NCSA allocates over 21 million node hours in new Blue Waters supercomputer awards

02.28.20 -

By Shaylee Bent (NCSA)

Forty research teams,16 Blue Waters Professors, and 3 strategic projects at the University of Illinois at Urbana-Champaign have been allocated computation time on the National Center for Supercomputing Applications’ (NCSA) Blue Waters supercomputerfor use in 2020. These allocations range from 50,000 to 1,000,000 node-hours of compute time over one year, and altogether total more than 21 million node-hours (over 670 million core-hour equivalents), valued at over $13 million. The research pursuits of these teams are incredibly diverse, ranging anywhere from studies on the disassembly of the Hepatitis B virus capsid to simulating neutron stars and black holes.

Blue Waters, one of the world's most powerful supercomputers, is capable of sustaining 1.3 quadrillion calculations every second and at peak speed can reach a rate of 13.3 petaflops (calculations per second). Its massive scale and balanced architecture help scientists and scholars alike tackle projects that could not be addressed with other computing systems.

NCSA’s Blue Waters project provides University of Illinois faculty and staff a valuable resource to perform groundbreaking work in computational science and is integral to Illinois' mission to foster discovery and innovation. Through the National Science Foundation (NSF), the National Geospatial-Intelligence Agency (NGA) is able to fund Blue Waters operations for 2020. The system and the University’s robust HPC community presents a unique opportunity for the U of I faculty and researchers, with about 10 percent of the capacity of Blue Waters allocated to projects being done at the University through an increasingly competitive campuswide peer-review and the BW professor processes.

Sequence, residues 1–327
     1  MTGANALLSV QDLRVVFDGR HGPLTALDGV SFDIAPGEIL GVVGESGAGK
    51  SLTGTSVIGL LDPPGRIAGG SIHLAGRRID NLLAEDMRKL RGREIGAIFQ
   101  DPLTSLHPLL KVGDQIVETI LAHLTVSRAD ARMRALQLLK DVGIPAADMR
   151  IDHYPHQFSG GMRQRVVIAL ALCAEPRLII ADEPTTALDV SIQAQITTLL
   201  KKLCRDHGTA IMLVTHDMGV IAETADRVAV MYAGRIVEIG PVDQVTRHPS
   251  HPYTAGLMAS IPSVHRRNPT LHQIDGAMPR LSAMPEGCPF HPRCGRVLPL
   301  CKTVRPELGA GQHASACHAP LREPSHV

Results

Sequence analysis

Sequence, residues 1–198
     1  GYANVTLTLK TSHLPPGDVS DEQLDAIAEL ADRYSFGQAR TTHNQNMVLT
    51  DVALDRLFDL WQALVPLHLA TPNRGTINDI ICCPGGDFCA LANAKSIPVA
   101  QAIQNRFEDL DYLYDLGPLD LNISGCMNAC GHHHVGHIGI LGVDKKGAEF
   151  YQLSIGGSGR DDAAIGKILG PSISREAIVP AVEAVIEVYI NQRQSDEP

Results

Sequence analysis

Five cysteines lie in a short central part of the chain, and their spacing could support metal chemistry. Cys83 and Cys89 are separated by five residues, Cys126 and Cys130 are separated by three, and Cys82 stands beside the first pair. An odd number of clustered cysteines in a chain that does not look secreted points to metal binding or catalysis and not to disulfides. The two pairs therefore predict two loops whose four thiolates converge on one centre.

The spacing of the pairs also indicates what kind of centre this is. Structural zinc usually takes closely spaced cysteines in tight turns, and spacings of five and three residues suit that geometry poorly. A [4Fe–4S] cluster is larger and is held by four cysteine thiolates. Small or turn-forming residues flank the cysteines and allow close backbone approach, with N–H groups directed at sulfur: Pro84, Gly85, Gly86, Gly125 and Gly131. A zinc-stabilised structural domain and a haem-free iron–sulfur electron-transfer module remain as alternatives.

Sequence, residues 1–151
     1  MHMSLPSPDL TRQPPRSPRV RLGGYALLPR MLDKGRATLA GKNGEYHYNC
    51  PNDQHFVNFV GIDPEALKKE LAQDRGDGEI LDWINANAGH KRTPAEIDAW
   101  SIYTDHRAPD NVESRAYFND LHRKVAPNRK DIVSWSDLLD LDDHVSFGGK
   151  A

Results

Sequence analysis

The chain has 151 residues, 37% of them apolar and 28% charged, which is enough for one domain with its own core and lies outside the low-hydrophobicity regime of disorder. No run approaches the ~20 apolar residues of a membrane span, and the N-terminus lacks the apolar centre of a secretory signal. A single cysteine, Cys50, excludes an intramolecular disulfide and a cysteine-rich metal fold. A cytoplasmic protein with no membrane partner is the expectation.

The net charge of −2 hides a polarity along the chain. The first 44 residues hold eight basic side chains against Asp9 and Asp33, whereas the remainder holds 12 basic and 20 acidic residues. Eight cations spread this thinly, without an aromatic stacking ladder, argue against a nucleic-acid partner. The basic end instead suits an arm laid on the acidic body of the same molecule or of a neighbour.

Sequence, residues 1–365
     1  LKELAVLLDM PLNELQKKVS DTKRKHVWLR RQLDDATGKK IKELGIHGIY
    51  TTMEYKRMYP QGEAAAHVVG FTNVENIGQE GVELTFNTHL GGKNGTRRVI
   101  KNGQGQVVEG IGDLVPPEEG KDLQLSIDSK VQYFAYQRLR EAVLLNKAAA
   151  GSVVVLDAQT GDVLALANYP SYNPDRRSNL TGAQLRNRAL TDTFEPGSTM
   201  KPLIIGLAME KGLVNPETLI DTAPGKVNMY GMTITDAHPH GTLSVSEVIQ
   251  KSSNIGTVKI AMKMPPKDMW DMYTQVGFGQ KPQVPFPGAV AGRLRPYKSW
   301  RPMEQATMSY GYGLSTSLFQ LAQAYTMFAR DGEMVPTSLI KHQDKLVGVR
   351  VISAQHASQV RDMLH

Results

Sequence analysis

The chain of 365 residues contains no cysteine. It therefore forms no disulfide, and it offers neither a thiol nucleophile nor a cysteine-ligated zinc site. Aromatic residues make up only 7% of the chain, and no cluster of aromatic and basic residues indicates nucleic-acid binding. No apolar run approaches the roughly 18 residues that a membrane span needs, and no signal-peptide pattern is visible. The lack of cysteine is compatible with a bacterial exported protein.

Aleksei Aksimentiev (Physics), Daniel Bodony (Aerospace Engineering), David Ceperley (Physics), Bryan Clark (Physics), Larry Di Girolamo (Atmospheric Sciences), Paul Fischer (Computer Science, Mechanical Science and Engineering), Mattia Gazzola (Mechanical Science and Engineering), William Gropp (Computer Science), Kaiyu Guan (Earth Sciences), So Hirata (Chemistry), Kathryn Huff (Nuclear, Plasma, and Radiological Engineering), Athol Kemball (Astronomy), Sonia Lasher-Trapp (Atmospheric Sciences), Andre Schleife (Materials Science and Engineering), Diwakar Shukla (Molecular Biosciences) and Jeffrey Trapp (Atmospheric Sciences).

About Blue Waters

Blue Waters is one of the most powerful supercomputers in the world. Located at the University of Illinois, it can complete more than 1 quadrillion calculations per second on a sustained basis and more than 13 times that at peak speed. The peak speed is almost 3 million times faster than the average laptop. Blue Waters is supported by the National Science Foundation and the University of Illinois; the National Center for Supercomputing Applications (NCSA) manages the Blue Waters project and provides expertise to help scientists and engineers take full advantage of the system for their research.

The Blue Waters sustained-petascale computing project is supported by the National Science Foundation (awards OCI-0725070, ACI-0725070 and ACI-1238993) and the state of Illinois.

About NCSA

The National Center for Supercomputing Applications (NCSA) at the University of Illinois at Urbana-Champaign provides supercomputing and advanced digital resources for the nation's science enterprise. At NCSA, University of Illinois faculty, staff, students, and collaborators from around the globe use advanced digital resources to address research grand challenges for the benefit of science and society. NCSA has been advancing one third of the Fortune 50® for more than 30 years by bringing industry, researchers, and students together to solve grand challenges at rapid speed and scale.

National Science Foundation

Blue Waters is supported by the National Science Foundation through awards OCI-0725070 and ACI-1238993.